Levelling Up in London Brendan Smith ’24 worked in the British House of Commons as a parliamentary research intern in London.
“Public policy and good government can produce positive impacts for people across a country and, in some cases, the world.”
~Brendan Smith ’24
Name: Brendan Smith
Hometown: Poquoson, Virginia
Major: Global Politics
Minor: Law, Justice, and Society
Q: What factors led you to choose W&L?
I chose Washington and Lee University because of the incredible opportunities it offers. I could tell through my tour and research that W&L is a school that cares deeply about its students. W&L’s size allows faculty to craft personalized approaches to classes which was important for me as a student who easily falls behind in larger classes. W&L’s focus on skills like writing, speaking and research was also a large factor in my college decision as someone interested in law school.
Q: How did you choose your major and minor?
I chose to major in global politics because international affairs are deeply interesting to me. Managing relations between different countries and exploring how different people choose to govern is fascinating to me. I also enjoy global politics because solutions to a lot of the problems we face domestically can be found abroad if we look hard enough. I am also minoring in Law, Justice, and Society because of my interest in public policy and law. I enjoy volunteering and trying to help people in need, but nonprofits and NGOs are often limited in their reach. Public policy and good government can produce positive impacts for people across a country and, in some cases, the world.
Q: How did you find out about your summer internship? Did anyone at W&L help?
Ever since I arrived at W&L, I knew I wanted to study abroad. Although my professors have done an amazing job teaching me about global politics, I felt that I needed to go out and immerse myself in a different culture to be able to fully understand it, so I began looking for opportunities as soon as I arrived on campus. I found out about this opportunity by going onto the Center for International Education’s (CIE) database and then meeting with the wonderful Cindy Irby, assistant director of international education and the study abroad advisor at CIE, who walked me through the application process and helped me apply for grants to fund my experience. I am also grateful for help I received from Career and Professional Development and the Johnson Opportunity Grant program.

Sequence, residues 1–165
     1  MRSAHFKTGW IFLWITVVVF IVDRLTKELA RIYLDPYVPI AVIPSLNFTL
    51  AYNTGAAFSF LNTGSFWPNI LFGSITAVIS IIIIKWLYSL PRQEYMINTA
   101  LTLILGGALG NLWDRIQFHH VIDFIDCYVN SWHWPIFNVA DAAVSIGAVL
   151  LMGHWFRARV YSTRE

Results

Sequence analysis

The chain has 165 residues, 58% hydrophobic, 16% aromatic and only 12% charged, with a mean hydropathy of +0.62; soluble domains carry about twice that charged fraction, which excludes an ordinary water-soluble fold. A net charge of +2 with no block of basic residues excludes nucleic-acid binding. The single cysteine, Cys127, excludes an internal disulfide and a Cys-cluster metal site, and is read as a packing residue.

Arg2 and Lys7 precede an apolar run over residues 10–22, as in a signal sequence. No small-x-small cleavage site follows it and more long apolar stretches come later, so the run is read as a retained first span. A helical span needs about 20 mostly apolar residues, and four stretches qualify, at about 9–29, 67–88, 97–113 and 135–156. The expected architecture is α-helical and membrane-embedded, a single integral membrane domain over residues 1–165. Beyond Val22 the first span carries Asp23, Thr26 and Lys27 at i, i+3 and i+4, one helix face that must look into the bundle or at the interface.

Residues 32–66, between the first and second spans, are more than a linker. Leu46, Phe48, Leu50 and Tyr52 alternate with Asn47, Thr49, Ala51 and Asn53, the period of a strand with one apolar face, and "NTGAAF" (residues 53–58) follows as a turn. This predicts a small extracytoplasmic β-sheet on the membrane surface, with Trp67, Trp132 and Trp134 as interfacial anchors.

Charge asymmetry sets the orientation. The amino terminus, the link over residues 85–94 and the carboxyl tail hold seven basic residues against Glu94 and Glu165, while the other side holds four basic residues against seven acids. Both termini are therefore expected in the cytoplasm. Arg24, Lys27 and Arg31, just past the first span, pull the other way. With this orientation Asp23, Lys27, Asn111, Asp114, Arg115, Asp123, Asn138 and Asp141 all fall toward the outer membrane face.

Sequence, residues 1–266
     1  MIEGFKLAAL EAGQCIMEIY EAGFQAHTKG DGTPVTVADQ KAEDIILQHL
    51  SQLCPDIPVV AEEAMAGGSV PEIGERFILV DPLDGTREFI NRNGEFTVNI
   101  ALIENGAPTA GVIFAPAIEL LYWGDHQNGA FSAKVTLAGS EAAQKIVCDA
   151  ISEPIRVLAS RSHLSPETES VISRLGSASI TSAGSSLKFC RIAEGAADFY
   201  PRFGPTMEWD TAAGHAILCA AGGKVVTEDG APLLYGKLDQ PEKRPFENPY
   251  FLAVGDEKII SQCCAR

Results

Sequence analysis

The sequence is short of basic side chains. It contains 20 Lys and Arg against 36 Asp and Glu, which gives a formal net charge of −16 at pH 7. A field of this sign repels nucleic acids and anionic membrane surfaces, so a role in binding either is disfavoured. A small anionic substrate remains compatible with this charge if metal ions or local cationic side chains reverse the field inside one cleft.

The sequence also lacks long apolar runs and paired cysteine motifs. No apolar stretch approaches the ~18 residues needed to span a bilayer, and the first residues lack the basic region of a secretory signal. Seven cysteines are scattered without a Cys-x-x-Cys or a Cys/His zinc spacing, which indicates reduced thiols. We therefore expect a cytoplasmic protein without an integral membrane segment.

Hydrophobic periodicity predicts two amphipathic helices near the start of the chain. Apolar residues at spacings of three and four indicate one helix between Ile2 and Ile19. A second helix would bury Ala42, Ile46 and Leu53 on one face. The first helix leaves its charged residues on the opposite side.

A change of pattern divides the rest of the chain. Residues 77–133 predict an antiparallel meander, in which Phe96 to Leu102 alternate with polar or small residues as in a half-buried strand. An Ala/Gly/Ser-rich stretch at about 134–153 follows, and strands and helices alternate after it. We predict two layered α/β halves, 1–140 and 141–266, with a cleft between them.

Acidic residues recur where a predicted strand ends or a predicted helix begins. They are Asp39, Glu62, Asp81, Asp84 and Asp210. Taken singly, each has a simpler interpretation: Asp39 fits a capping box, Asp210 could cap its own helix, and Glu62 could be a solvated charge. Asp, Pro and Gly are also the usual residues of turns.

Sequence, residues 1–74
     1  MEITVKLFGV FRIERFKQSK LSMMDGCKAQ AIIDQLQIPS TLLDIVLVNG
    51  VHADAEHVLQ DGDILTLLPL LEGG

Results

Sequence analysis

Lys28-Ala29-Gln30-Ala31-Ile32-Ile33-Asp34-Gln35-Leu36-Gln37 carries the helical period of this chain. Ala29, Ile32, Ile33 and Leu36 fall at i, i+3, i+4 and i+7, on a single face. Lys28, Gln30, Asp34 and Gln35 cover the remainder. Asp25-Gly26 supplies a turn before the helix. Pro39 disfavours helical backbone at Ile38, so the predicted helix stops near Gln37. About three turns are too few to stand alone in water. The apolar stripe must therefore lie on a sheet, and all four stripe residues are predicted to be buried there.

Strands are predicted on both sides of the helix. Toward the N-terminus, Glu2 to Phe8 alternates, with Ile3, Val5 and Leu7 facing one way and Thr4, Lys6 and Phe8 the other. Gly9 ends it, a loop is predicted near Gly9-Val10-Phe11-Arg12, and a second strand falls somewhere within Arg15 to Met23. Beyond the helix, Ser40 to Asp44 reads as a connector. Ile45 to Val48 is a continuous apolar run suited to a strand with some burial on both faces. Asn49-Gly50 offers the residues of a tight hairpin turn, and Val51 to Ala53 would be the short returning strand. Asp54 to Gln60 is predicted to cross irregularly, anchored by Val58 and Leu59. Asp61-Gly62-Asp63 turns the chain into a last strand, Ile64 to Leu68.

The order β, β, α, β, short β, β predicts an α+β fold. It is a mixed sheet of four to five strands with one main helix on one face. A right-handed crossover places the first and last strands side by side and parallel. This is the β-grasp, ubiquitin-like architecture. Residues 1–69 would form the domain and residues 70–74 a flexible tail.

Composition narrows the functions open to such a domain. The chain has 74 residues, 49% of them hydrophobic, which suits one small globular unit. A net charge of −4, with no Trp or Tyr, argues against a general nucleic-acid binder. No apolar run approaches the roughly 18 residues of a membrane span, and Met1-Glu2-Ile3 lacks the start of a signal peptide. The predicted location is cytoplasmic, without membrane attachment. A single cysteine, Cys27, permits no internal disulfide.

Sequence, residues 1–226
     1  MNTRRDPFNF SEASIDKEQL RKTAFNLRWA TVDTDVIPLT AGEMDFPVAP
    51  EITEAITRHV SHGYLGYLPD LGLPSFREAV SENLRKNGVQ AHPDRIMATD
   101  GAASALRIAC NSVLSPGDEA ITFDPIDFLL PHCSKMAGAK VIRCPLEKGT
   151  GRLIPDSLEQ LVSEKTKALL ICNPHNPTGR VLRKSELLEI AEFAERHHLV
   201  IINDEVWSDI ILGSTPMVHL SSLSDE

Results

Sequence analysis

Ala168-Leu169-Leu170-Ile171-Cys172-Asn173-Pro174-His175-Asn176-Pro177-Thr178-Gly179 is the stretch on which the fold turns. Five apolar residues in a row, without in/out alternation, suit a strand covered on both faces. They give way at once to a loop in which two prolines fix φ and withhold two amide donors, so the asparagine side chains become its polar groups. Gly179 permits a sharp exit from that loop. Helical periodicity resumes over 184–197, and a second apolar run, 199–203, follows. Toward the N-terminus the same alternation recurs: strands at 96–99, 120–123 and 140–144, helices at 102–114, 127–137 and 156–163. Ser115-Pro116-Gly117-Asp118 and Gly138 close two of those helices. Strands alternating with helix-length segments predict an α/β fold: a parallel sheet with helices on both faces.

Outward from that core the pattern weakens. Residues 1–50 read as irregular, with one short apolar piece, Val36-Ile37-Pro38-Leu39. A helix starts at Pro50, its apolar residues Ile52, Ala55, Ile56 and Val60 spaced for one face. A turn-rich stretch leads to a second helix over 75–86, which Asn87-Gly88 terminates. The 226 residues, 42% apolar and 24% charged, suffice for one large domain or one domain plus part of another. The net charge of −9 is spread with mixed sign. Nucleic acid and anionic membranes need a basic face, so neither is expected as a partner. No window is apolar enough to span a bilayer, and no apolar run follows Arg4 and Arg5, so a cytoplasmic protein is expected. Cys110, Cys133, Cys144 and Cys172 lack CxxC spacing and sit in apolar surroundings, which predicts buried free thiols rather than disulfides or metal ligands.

Q: Tell us about your internship experience. What did you work on and what interested you about this internship program in particular?
This summer I worked in the British House of Commons as a parliamentary research intern for Sara Britcliffe MP, a Parliamentary Private Secretary (PPS) for education and Member of Parliament for the Hyndburn Constituency in Northwest England. A PPS is a junior ministerial leadership position directly under Ministers of State. This means that I got to work on several important education initiatives including a project called “Levelling Up,” which is an investment program designed to improve key public services such as public education and to revitalize communities that were left behind as the U.K. shifted to a post-industrial economy. One of my most important jobs was responding to constituent concerns. Each member of Parliament (MP) only represents about 80,000 people. As a result, most citizens are very involved in government and have relationships with their MPs. Constituents will often contact their MPs with questions about policy, government initiatives or local community issues. It was my job to make sure all of these individuals had their questions answered and concerns heard.
Q: What do you miss about W&L while you’ve been away?
Living in a big city is a lot of fun with tons of opportunities to grow and try new things – but nothing in London compares to the beauty of Lexington and the small-town, homey feel that I get every time I come back.
Q: Outside your internship, what have you enjoyed most about living in London?
Working in London has been an exciting learning experience, but outside of my work I enjoyed the friendly culture the most. I was afraid it would be very fast-paced and that people wouldn’t want to slow down to chat or rest. I couldn’t have been more wrong. Local Londoners were very friendly and loved having a good time. They were open to talking about the differences in culture and were helpful answering all the questions I had with far less judgement than I expected. I was also lucky enough to live in a flat with two other W&L students in London. I hadn’t met them before this summer, but it was nice to have some familiar faces to talk to before we all settled in.
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